At work one day, a coworker complimented me on the sweater I wore. “Thanks,” I said, “my mom got it for me.” She was incredulous. “You’re lucky. I don’t think I’d wear anything my mom bought for me,” was her reply.
We’ve always been fortunate to have such a stylish mom. In her college photos, she was always dressed in clothing that was au courant, but would still be considered fashionable today. She was a beauty queen and always known for her poise and how put-together she was. I look at the flared jeans and other trends from the Seventies that are back in fashion and wish she had kept more of her old clothes. I probably wouldn’t fit into them, but they’d be great as inspiration pieces. Alas, the beautiful winter coat she wore in grad school (which would not be out of place on the set of the movie Almost Famous) was lost.
When we were little, Mom and my dad used to get dressed up to go to their Rotary dinners. We loved watching her get dressed, put on her makeup and perfume, and pick out the accessories she’d wear. For special occasions like weddings and holidays, we would go with her to the dress designer’s studio. In those days—and even still today—it’s often more affordable to get clothing made than to buy it off the rack. We would pore over the pattern books and magazines from the U.S. and Europe, taking in all the latest styles. The designer would sketch and she and my mom would then pick out the fabric from the shelves that lined the walls. This was our first exposure to fashion. We learned about color, pattern, the “hand” of the fabric, and silhouette.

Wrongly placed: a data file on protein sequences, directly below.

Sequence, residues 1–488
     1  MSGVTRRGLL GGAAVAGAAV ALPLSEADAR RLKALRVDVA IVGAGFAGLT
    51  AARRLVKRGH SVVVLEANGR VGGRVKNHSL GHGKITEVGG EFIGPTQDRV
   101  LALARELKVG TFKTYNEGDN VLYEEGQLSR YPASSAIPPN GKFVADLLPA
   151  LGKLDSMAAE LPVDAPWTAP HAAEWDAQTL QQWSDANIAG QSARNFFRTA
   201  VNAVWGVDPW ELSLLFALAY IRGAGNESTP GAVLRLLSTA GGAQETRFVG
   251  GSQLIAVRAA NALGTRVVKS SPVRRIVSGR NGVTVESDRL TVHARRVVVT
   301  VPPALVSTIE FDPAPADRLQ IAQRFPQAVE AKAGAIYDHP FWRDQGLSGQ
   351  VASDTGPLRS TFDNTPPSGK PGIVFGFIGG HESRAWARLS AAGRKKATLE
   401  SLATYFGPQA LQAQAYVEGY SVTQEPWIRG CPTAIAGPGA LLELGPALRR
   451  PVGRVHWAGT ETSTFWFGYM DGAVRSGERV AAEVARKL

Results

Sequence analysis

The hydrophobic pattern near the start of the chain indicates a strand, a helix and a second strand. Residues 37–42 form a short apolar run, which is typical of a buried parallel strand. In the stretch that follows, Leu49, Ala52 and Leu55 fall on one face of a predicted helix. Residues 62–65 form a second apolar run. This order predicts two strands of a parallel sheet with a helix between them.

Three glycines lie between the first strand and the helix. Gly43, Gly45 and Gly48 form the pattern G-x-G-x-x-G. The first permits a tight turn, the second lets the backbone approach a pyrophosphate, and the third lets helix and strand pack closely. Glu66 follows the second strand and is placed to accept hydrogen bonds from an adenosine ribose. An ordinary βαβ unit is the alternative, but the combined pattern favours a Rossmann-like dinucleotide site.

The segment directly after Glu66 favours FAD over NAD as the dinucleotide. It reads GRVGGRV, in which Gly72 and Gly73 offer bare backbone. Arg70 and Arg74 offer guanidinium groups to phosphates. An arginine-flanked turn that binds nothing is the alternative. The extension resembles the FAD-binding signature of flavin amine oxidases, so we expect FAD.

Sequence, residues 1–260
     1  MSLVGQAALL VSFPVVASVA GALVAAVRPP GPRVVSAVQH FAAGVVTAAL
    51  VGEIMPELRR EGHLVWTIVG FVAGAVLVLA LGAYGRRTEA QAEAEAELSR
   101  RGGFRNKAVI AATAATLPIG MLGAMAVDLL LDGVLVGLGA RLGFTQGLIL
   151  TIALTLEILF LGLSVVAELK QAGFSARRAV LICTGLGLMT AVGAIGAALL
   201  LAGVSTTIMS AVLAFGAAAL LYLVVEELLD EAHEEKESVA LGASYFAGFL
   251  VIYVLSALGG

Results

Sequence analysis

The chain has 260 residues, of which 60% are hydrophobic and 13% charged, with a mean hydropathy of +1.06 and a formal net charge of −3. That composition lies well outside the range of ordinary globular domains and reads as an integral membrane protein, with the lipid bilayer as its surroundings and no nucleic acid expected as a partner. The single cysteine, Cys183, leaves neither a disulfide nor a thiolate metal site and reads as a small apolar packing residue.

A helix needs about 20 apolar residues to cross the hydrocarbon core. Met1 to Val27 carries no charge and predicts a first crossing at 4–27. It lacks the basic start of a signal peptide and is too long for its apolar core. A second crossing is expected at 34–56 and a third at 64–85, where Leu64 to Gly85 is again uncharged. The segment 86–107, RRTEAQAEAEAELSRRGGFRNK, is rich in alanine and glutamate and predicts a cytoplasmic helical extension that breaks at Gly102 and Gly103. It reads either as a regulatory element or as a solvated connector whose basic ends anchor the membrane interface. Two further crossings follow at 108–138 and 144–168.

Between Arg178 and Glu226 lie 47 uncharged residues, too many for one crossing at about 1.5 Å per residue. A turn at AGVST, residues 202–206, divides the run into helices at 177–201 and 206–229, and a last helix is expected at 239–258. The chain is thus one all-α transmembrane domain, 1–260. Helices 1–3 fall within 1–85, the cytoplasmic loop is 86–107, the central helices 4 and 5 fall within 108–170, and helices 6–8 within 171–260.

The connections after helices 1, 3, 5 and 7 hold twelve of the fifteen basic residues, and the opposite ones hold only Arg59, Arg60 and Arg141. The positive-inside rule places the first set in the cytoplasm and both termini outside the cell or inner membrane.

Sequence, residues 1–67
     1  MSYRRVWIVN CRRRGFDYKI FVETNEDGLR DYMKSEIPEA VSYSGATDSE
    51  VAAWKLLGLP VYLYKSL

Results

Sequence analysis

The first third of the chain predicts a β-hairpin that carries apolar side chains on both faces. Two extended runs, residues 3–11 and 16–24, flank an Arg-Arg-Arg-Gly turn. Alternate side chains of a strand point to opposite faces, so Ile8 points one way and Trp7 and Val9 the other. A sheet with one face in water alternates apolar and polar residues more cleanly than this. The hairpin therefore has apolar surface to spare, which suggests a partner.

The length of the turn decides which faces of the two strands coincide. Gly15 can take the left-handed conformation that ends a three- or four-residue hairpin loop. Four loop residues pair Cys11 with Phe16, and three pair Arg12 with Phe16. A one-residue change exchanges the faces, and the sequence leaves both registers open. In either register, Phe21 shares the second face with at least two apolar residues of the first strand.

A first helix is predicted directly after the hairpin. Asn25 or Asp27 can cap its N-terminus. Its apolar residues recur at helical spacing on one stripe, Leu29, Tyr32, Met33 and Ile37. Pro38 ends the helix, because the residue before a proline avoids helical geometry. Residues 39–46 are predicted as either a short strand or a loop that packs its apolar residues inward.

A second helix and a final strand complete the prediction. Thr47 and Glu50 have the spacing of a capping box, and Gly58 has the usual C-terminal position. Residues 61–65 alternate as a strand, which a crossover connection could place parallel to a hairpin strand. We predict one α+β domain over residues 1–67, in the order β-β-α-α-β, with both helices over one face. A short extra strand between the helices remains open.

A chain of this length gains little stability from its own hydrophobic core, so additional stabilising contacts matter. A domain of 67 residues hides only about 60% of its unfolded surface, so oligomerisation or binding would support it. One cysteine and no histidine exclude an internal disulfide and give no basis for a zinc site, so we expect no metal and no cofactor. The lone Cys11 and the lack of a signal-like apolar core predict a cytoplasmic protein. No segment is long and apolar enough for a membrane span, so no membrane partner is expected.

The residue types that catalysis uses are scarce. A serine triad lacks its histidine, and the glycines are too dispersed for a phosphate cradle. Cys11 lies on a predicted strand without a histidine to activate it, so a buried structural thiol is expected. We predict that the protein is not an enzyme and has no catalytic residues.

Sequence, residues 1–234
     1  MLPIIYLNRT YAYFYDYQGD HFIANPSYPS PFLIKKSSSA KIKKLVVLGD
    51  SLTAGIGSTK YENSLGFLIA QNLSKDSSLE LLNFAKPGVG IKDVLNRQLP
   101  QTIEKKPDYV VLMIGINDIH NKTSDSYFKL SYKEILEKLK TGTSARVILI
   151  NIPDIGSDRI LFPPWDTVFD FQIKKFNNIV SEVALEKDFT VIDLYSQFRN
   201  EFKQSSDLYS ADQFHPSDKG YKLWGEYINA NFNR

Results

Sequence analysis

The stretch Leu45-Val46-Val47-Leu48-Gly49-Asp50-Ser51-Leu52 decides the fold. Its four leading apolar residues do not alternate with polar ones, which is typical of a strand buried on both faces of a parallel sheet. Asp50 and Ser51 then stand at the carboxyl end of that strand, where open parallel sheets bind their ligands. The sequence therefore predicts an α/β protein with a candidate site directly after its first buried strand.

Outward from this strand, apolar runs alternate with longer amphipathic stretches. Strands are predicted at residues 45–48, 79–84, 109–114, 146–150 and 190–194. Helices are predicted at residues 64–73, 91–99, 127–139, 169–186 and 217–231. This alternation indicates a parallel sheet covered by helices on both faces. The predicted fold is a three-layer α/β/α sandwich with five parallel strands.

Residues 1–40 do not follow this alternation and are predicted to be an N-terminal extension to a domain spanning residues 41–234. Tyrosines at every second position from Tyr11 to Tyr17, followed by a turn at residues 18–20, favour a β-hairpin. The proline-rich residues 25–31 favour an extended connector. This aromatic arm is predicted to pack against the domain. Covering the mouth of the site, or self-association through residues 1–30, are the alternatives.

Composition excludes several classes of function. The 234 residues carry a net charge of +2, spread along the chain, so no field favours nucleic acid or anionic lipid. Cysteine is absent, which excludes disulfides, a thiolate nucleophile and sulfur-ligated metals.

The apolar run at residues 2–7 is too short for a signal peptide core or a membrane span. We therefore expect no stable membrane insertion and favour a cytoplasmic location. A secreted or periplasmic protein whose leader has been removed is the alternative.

At the same time, mom was also great at styling ready-to-wear items. When she went shopping, she would start from a point of inspiration—other style icons like Jackie O. and Audrey Hepburn, whatever image she had in her mind to emulate. It was never about the brand of clothing or how expensive it was. It was actually the opposite: the more obscure and the bigger the bargain, the better. It’s from her that I get my love of the Find, discovering that piece that completes the outfit in your head and also plays well with other things in your wardrobe. Of course, if it happens to not break the bank, it’s a bonus. Seeing something and thinking of all the ways to wear it, what accessories would go with it, is something I definitely learned from my mom. Just as important is how she taught us to find what flatters your figure rather than what’s trendy. She always stressed that it wasn’t about the size on the tag but how it looked and felt when you wore it.
Let’s just say that the fashion nut doesn’t fall far from the tree. I now see how my daughter has started to mix and match her own clothing with her own unique style and it amuses me to see the next generation’s relationship with fashion. Hopefully she counts me as one of her style icons one day.